Uberx, Lyft, and Sidecar are certainly not using Seattle as a “chance to test their new technologies” [”City oversight won’t kill ride-service innovators,” Business / Technology, March 3].
They are already doing business in dozens of cities in the U.S. and around the world. Brier Dudley portrays the lobbying by rideshare companies as a “hissy fit” and their move into the Seattle transportation market as having “failed to research taxi regulations.”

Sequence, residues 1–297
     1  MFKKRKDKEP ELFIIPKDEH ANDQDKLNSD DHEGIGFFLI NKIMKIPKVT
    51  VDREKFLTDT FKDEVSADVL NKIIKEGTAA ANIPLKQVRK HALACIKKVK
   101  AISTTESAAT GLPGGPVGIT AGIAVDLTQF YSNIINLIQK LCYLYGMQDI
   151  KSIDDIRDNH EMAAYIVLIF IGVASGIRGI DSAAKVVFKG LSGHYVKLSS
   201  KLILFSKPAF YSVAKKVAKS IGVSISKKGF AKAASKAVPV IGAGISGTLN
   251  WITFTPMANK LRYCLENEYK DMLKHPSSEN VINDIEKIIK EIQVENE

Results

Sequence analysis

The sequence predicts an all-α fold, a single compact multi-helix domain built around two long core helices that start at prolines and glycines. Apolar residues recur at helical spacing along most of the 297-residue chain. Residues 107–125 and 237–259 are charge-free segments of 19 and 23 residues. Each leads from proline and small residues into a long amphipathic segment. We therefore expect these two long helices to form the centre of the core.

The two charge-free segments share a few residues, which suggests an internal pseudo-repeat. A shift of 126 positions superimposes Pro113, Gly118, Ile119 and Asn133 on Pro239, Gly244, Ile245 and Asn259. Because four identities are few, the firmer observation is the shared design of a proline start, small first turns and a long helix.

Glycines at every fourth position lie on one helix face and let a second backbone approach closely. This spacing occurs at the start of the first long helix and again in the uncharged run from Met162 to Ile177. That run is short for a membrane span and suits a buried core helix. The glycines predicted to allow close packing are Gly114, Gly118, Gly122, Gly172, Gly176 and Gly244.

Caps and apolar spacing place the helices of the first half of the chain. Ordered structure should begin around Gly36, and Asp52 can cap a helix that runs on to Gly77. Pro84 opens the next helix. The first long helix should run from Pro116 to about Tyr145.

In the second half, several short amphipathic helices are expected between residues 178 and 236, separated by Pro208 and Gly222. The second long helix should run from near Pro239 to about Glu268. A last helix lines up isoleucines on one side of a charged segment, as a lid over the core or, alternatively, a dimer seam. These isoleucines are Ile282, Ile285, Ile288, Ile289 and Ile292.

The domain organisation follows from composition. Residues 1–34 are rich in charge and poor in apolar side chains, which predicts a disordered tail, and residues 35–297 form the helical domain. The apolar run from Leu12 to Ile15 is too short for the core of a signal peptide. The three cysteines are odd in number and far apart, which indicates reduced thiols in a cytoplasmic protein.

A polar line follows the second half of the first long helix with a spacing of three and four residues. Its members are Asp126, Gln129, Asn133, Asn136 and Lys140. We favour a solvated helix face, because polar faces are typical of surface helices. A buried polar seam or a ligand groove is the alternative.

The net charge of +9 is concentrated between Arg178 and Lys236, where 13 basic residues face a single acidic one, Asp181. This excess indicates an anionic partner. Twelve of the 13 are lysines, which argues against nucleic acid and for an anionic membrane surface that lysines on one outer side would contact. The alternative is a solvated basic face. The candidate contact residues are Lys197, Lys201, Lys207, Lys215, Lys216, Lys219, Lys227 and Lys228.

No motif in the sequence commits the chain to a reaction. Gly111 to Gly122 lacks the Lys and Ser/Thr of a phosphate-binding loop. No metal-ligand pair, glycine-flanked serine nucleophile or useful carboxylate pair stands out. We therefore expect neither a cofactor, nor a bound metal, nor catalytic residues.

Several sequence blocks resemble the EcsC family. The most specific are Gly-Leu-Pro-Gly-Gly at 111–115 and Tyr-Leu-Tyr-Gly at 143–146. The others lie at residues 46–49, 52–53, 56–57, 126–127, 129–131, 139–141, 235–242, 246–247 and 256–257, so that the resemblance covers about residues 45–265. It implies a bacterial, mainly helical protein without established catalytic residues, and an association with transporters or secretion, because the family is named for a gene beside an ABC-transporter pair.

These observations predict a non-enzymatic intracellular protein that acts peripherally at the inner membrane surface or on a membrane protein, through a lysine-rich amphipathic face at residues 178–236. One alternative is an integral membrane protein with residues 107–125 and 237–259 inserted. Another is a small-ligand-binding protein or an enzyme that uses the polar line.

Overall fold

No, Brier, they recognize that the entrenched taxi business would never be open to something that challenged their highly protectionist business model, and chose to push the envelope by offering an alternative to that outdated model, anticipating the regulatory hurdles along the way.
Dudley erroneously equates the limits on the number of fishing boats to limits of the number of taxis. The number of fishing boats are limited to preserve fish populations, whereas the number of taxis are limited to preserve, well, a limited number of taxis. Meanwhile, the “fish” that need a ride go uncaught. Go figure.
David Chapin, Redmond